I wouldn’t call myself a social media maven. I have a personal Facebook account, a Facebook author page, and I putter about on Twitter. I post on most days but when it comes time to boost my writing career sometimes I’m at a loss. A big part of the problem is that I feel like I never know what is going to click with my online readers. Often, even when I put a great deal of effort into my posts . . . nothing. I only get a handful of likes or responses. It can really be discouraging.
I was in the middle of feeling sorry for myself one day when I got a message from Susan Ahearn, one of my former students. She had sighted my book, Black Lives Matter, at her local library. It was part of a display at the checkout desk and she wanted me to see it. Her photo made my day!
This made me think. What about other writers? I bet they’d like to know where their books have been sighted and who is reading them. I decided that the rest of my tweets for the week would focus on sightings, found books, and my local library.
First I tweeted about Prudence the Part Time Cow by fellow Missouri author Jody Jensen Shaffer. I tagged Jody, my library system, and our region of the Society of Children’s Book Writers and Illustrators. The tweet received 155 interactions in a day. Not bad. Not bad at all.
Later in the week, I tweeted about International Literacy Day. I explained that I planned to celebrate by going to my library. I included a photo of a boy sitting on a stack of books reading and tagged the library system and #LiteracyDay. This time, I got 655 interactions in a day including two retweets. Why such a great response? My thought is that #LiteracyDay had broad appeal.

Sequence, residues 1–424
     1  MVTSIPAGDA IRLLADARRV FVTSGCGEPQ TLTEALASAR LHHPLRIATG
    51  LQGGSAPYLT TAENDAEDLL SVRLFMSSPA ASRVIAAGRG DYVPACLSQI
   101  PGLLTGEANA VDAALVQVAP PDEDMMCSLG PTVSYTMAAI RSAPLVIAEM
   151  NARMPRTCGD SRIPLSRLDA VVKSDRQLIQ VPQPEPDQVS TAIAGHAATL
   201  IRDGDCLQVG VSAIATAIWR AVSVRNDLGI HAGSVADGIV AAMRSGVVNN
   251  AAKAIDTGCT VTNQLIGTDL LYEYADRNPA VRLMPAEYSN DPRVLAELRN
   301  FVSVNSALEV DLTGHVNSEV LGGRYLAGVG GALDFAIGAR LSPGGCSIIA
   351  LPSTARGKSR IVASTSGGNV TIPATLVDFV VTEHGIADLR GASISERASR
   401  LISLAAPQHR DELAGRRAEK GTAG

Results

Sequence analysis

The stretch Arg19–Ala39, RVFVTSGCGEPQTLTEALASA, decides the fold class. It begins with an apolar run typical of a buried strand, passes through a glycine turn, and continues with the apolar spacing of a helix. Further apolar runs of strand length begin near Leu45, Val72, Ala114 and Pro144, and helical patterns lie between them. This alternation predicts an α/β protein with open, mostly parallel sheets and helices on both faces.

A second tweet on this topic came after my actual trip to the library. In this tweet, I focused on sighting books by Linda Sue Park and a whole bin featuring Jane Yolen’s How Do Dinosaurs books. This tweet included photos of the books. I again tagged my library, #LiteracyDay, and both authors. This time tweet got 565 interactions in one day.
When you post on social media, it is easy to get caught up in your own work. Sure, your friends care, your family cares, and your fellow writers care. If you can find a way to go beyond your work and your readers by holding up other writers and reading in general, you too might pull in more interactions. Social media is a lot more fun when you know your words are having an impact.
To find out more about Sue Bradford Edwards' writing, visit her blog, One Writer's Journey. Sue is also the instructor for Writing Nonfiction for Children and Young Adults. The next session begins October 9th.
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a: Social Media: Your On-Line Presence Isn’t All about You
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